This is slightly off-topic, as far as this blog is concerned, but not that far off for the purposes of those of you in the medical tourism industry in general.
As reported last week on the Health Affairs Blog, the Trans-Pacific Partnership (TPP) trade agreement that Barack Obama is asking Congress to give him for fast-track authority, may be a threat to global health, according to Doctors Without Borders/ Médecins Sans Frontières (MSF).
MSF is deeply concerned that the TPP, in its current form, will lock-in high, unsustainable drug prices, block or delay the availability of affordable generic medicines, and price millions of people out of much-needed medical care.
They believe the public health repercussions of this deal could be massive.
Some of the concerns MSF has with several U.S. government demands in the TPP are:
- the TPP would lower the standard for patentability of medicines.
- It would force TPP governments to grant pharmaceutical companies additional patents for changes to existing medicines, even when the changes provide no therapeutic benefit to patients.
- These provisions would facilitate “evergreening” and other forms of abuse of the patent system by lengthening monopolies and delaying access to generic competition.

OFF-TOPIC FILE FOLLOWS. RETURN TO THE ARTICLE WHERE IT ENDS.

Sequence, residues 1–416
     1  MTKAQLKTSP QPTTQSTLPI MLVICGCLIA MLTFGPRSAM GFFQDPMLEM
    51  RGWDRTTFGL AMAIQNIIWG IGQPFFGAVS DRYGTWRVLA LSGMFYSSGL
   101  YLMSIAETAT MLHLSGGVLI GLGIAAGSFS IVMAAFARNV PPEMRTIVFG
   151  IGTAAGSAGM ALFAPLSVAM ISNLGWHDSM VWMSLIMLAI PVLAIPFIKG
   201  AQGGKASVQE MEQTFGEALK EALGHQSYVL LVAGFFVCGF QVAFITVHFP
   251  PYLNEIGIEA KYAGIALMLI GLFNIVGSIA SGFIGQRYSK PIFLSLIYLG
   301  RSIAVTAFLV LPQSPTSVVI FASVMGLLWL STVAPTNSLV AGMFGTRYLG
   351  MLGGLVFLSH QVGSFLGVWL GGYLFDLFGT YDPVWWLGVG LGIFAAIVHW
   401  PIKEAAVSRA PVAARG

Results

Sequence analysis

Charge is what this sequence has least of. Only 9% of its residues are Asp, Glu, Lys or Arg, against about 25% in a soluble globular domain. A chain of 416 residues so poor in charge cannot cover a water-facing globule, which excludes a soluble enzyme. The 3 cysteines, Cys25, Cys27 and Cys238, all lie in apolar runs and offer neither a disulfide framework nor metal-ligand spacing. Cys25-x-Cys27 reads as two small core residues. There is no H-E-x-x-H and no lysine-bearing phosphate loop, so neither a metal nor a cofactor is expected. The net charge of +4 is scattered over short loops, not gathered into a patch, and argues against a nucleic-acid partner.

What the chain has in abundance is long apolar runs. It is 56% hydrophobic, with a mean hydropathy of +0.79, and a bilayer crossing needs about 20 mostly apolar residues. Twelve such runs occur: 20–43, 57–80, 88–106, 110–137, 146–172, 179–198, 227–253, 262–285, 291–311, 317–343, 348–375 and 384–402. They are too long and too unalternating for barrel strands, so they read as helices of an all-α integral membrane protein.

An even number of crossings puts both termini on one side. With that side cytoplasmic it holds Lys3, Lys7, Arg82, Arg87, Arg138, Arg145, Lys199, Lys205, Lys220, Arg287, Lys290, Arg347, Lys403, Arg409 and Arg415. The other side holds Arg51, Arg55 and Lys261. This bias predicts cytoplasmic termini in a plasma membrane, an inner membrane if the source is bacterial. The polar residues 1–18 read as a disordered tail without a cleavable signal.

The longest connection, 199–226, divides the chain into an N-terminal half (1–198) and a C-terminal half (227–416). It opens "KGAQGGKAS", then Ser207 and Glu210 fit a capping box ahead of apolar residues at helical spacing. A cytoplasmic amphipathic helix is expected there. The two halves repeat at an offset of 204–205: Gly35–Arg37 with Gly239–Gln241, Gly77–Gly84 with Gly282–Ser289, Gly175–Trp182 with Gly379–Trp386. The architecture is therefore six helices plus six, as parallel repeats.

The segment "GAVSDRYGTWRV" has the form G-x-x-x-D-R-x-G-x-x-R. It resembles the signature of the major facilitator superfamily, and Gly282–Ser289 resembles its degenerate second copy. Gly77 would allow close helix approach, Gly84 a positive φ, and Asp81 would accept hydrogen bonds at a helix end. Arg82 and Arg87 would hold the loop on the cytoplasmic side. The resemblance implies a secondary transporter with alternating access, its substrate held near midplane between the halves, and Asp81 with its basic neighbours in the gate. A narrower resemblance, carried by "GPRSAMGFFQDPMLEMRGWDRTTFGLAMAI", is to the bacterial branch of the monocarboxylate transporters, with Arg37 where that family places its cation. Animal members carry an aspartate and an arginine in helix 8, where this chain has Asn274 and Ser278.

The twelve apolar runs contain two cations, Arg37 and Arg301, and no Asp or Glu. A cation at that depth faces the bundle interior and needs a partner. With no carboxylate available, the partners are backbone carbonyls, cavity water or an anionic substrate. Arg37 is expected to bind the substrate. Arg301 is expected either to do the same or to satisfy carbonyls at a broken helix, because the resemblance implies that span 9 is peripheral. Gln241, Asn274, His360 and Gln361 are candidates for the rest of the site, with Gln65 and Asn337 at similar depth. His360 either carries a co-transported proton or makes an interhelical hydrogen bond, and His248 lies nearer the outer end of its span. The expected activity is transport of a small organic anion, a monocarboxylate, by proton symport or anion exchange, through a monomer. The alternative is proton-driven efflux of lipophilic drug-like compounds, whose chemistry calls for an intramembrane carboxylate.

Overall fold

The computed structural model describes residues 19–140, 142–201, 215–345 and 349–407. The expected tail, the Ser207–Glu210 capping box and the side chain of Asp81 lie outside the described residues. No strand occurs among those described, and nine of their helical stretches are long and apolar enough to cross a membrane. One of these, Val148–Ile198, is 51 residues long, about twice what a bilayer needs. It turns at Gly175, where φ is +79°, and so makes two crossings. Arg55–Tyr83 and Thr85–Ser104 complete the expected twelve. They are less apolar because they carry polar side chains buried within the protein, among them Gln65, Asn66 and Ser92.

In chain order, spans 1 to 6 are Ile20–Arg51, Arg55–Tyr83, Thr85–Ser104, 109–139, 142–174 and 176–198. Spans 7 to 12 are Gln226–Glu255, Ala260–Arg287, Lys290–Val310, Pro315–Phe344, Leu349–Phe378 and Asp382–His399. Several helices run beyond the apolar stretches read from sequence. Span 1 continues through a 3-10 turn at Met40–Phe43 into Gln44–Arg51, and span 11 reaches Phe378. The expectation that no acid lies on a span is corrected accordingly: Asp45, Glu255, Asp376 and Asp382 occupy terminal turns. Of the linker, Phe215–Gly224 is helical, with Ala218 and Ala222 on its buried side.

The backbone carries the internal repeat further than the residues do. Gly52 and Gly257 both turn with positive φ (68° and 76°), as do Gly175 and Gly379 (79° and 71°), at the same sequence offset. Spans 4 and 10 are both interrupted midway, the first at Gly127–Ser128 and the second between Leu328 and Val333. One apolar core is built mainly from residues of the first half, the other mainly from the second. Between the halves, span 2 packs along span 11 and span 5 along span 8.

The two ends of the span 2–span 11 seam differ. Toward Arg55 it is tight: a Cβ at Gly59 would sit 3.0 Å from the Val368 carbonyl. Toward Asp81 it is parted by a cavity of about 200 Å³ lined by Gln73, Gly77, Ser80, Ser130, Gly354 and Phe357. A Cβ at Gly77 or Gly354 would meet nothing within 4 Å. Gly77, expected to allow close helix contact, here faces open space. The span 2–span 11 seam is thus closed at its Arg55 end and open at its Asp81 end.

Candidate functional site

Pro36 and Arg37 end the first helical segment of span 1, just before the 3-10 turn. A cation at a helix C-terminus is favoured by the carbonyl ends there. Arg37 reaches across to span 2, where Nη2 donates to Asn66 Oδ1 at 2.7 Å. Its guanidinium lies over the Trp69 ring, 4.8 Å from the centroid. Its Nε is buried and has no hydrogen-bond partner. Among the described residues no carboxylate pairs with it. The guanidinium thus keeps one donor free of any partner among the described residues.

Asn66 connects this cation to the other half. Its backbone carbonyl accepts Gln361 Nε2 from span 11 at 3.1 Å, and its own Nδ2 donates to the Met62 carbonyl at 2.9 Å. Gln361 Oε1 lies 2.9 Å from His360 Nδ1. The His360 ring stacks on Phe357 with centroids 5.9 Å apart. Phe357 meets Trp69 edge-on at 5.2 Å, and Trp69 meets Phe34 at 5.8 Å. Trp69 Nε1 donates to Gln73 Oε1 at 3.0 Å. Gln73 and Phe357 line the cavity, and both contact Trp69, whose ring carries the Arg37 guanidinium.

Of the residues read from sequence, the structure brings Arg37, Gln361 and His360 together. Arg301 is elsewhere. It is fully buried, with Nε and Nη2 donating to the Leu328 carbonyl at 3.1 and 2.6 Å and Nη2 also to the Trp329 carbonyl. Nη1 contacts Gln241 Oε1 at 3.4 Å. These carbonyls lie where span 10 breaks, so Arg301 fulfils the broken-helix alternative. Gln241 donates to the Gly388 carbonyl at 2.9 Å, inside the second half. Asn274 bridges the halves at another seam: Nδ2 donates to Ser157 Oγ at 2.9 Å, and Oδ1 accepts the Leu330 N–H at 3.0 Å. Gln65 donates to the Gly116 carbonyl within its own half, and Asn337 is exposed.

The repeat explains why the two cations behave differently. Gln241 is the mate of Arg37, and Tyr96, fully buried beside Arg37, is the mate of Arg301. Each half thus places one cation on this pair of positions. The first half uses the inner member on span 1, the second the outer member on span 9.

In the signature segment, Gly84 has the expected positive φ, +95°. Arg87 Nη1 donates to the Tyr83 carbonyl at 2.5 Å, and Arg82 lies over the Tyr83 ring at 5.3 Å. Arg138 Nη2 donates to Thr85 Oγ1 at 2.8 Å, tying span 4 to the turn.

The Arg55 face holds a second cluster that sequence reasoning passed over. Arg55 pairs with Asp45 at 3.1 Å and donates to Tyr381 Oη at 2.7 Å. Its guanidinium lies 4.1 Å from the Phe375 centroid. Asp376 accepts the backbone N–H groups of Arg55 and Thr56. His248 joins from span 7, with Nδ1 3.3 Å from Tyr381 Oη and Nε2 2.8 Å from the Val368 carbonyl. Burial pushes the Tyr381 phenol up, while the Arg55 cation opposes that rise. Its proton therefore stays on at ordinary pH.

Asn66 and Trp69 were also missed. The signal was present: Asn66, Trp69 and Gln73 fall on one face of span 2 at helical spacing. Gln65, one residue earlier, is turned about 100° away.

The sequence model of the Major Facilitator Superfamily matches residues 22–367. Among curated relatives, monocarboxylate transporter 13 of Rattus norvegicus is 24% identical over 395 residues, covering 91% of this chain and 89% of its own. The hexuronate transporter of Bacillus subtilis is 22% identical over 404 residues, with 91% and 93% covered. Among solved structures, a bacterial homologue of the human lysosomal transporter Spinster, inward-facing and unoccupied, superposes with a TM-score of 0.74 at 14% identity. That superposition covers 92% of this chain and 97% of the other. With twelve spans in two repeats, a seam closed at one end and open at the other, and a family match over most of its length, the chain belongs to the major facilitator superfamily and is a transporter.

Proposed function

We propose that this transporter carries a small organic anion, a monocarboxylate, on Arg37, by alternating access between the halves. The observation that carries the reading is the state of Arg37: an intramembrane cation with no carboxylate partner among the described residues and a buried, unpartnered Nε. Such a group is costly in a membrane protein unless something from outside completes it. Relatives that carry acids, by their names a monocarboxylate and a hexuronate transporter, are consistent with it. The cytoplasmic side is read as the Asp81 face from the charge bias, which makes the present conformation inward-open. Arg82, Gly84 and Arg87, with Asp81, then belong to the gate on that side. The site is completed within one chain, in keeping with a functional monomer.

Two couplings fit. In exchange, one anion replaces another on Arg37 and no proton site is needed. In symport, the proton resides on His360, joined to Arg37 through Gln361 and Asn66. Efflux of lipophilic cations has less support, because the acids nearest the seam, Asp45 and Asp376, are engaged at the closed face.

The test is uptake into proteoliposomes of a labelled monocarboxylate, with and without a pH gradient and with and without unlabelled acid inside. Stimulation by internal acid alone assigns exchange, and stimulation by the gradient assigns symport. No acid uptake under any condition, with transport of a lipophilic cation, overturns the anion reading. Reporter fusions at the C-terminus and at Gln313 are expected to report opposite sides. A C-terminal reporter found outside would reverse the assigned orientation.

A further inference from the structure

- Another concerning provision in the TPP involves so-called “data exclusivity” for biologics, a new class of medicines that includes vaccines and drugs used for cancer and multiple sclerosis treatment.
- Data exclusivity blocks competing firms from using previously generated clinical trial data to gain approval for generic versions of these drugs and vaccines.
- If pharmaceutical companies have their way, the TPP will block generic producers of biologics from entering the market for at least 12 years, during which patients would be forced to endure astronomical prices.
What impact the TPP would have on the growth and viability of medical tourism is unclear. We have seen so far, that with the trade deal between the US, Canada and Mexico (NAFTA) that there has not been any significant complications, as far as workers’ comp is concerned (see my posts, NAFTA, Work Comp and Cross-Border Medical Care: A Legal View and NAFTA, Work Comp and Cross-Border Medical Care: A Legal View: Update, as well as Cross-border Workers’ Compensation a Reality in California).
Those of you who send patients to Mexico can attest to its success or failure to improve medical care across the border.
Other trade agreements made in the region such as CAFTA-DR and the Panama-United States Trade Promotion Agreement, likewise will have to be assessed as to how it has impacted medical tourism to Panama from the US.
So until we know just how TPP will affect global health care, we will be unable to ascertain its impact on the growth and development of medical tourism as a viable alternative not just to general health care, but to workers’ comp as well.
The likelihood that Congress will give the president fast-track authority is up in the air, but we won’t know until the Senate takes up the agreement tomorrow.